No Longer The Youngest, Diamond DeShields Embraces Leadership Role
After competing as the youngest member of the USA Womenís U19 World Championship Team in 2011 and the USA ís U18 FIBA Americas Team in 2010, Diamond DeShields is back to playing with athletes her own age as she participates in trials to determine the 2012 USA Womenís U17 World Championship Team.
Not that DeShields, who attends Norcross High School in Norcross, Ga., couldnít hold her own and then some against her older opponents. While playing as a 15-year-old at the 2010 U18 FIBA Americas Championship, she was USAís third leading scorer as she averaged 9.0 points per game to help the U.S. to a gold medal and 5-0 record. She followed that up by averaging 4.7 points per game and 2.6 rebounds per game to help the USA to an 8-1 record and gold medal at the 2011 FIBA U19 World Championship.
Now, however, the 2011 Gatorade Georgia Girls Basketball Player of the Year is no longer the youngster, but rather the most internationally experienced of the 33 participants at the Womenís U17 Trials.†
Prior to the opening session of trials, DeShields took a minute with USABasketball.com to answer a few questions about taking a different approach to these trials, as well as her connection to baseball.
Last year you were the youngest player on the U19 team and in 2010 you were the youngest member of the U18 team, now youíre the veteran. Are you taking a different attitude into this summer than in previous years?†
I definitely know being a part of people who are my age, especially having had been here two years prior, I definitely† know that theyíre expecting me to be more of a leader and take more of a leadership role this year. Iíve kind of taken it upon myself to do just that, be vocal and help the people who are new to this because I know how I felt when I was first here. I just want to make people comfortable and make people feel like theyíre ok just being here playing basketball. Thatís what weíre all here to do, so they can just feel comfortable in their skin doing it.
What players helped you and took you under their wing at previous USA Basketball events?
Definitely Ariel Massengale, Bria Hartley, Chiney Ogwumike and Cierra Burdick helped me keep my head focused. Even in practice, when I felt like I couldnít do it, they were always there to pick me up. I really respect them for that and appreciate them for helping me develop into the player that I am. They were indirectly coaching me, and now seeing their success in college, Iím glad to have been able to play with such great players.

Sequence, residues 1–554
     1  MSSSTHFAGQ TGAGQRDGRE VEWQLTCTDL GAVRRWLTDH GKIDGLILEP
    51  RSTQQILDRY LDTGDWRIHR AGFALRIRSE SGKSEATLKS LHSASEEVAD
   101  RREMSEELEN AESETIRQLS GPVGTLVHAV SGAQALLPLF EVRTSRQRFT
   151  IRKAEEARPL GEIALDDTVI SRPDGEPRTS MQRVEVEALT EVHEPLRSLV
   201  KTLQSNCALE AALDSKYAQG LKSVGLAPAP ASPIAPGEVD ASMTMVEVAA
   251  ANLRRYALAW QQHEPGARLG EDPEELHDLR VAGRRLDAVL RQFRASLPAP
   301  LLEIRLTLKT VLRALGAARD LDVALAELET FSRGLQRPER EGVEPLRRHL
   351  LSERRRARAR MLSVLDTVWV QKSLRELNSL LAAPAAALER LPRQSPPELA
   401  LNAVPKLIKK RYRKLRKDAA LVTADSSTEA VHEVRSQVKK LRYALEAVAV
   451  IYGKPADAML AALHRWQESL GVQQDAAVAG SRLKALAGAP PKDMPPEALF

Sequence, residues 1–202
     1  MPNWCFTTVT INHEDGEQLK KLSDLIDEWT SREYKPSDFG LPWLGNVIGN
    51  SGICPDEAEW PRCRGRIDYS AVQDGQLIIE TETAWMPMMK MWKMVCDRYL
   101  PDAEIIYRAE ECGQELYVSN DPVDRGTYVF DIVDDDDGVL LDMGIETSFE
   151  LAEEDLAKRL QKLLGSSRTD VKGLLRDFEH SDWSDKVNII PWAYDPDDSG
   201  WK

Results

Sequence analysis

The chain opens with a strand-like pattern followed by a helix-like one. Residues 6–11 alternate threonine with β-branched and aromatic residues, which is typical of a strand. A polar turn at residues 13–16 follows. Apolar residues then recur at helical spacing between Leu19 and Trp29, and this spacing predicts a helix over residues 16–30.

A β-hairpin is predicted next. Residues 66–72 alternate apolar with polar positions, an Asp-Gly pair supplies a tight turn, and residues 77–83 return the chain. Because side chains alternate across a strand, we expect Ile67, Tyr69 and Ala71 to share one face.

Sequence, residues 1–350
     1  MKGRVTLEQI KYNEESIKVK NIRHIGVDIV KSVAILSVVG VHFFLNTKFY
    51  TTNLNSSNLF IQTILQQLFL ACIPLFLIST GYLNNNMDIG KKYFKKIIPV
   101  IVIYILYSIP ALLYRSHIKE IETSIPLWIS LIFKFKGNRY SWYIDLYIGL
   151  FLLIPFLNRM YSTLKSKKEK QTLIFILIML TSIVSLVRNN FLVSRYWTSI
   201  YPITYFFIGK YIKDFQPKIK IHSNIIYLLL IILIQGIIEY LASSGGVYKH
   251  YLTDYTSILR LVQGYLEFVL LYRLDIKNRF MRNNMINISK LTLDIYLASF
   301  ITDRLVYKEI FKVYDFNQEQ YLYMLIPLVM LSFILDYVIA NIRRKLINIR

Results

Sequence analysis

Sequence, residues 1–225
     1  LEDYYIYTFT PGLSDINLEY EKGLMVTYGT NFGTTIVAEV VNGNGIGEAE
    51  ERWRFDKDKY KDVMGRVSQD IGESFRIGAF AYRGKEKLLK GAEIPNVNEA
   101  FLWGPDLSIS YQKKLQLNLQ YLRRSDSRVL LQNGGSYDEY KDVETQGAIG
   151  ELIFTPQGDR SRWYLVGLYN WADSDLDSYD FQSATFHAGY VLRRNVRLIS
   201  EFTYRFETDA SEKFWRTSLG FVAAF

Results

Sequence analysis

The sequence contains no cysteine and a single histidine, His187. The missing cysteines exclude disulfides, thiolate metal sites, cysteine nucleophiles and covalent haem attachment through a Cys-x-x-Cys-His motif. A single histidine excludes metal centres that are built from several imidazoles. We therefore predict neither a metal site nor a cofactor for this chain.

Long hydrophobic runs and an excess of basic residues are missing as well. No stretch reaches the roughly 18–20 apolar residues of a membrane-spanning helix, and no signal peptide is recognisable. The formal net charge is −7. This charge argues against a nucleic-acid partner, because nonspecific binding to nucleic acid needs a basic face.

Are you planning on taking a similar role now that youíre the more experienced player?
I definitely know Iíve grown tremendously as far as becoming a leader. Whatever I can do to help, I will do. I may not be as Ďbig timeí as Bria and all of them were, but having been here two years, I have the ability to help a lot of people out, especially first-timers.
What have you personally taken from your past experiences with USA Basketball?
Iíve gained a lot more pride in my country playing against other countries and seeing their excitement when weíre playing. That loss we took to Canada last year really heightened things for everybody on the team as far as pride. Iíve taken a lot of pride away, Iíve taken a lot of leadership and just respecting your own game and knowing you can do anything because I would have never thought as a 15-year-old that I would have been playing up the way I was. It made me have a lot more faith in myself and faith in God and just be thankful for all the opportunities Iíve gotten.
Youíve already won two gold medals, describe that feeling and what it would mean to you to possibly win a third before your senior year of high school?
Thatís amazing. Thatís the standard for USA Basketball, period. Gold medals are the standard. I expect nothing less this year with whoever ends up making the team. The committee does a great job of choosing people who will win, so I expect nothing less this year and I know USA will get the gold at the (FIBA U17 World Championship) because thatís just what we do. The players here are going to work for it and are going to earn it and we deserve it.
With your father, Delino DeShields playing 13 years of Major League Baseball, did you play softball growing up?
I played softball; I stopped playing last year actually just to focus on basketball because at a certain point, basketball becomes life. I was very good at softball; I played shortstop. I started as a freshman. It was a lot of fun for me. I always wanted to be a professional baseball player, but we all know thatís impossible but thatís just what I love to do. I love softball.
When did basketball begin to take priority over softball?
Last year because I was busy. I ran track, I played softball and I did basketball. It was starting to wear on my body and Iím committed, so I realized this is what I want to do in the future, so I donít want to injure myself doing something else.
Your brother, Delino Jr., is in the Houston Astrosí farm system and was the eighth overall pick in the 2010 MLB draft. Having another elite athlete as a brother, do you two ever play one-on-one?
My brother could not guard me. When we were younger we would play and he used to beat me because he was just stronger than me. But now Iíve developed and heís just a baseball player and thatís all he is. Heís like 5-8, so Iím way taller than him. Heís always like, ĎIím still bigger than you,í but he definitely couldnít check me.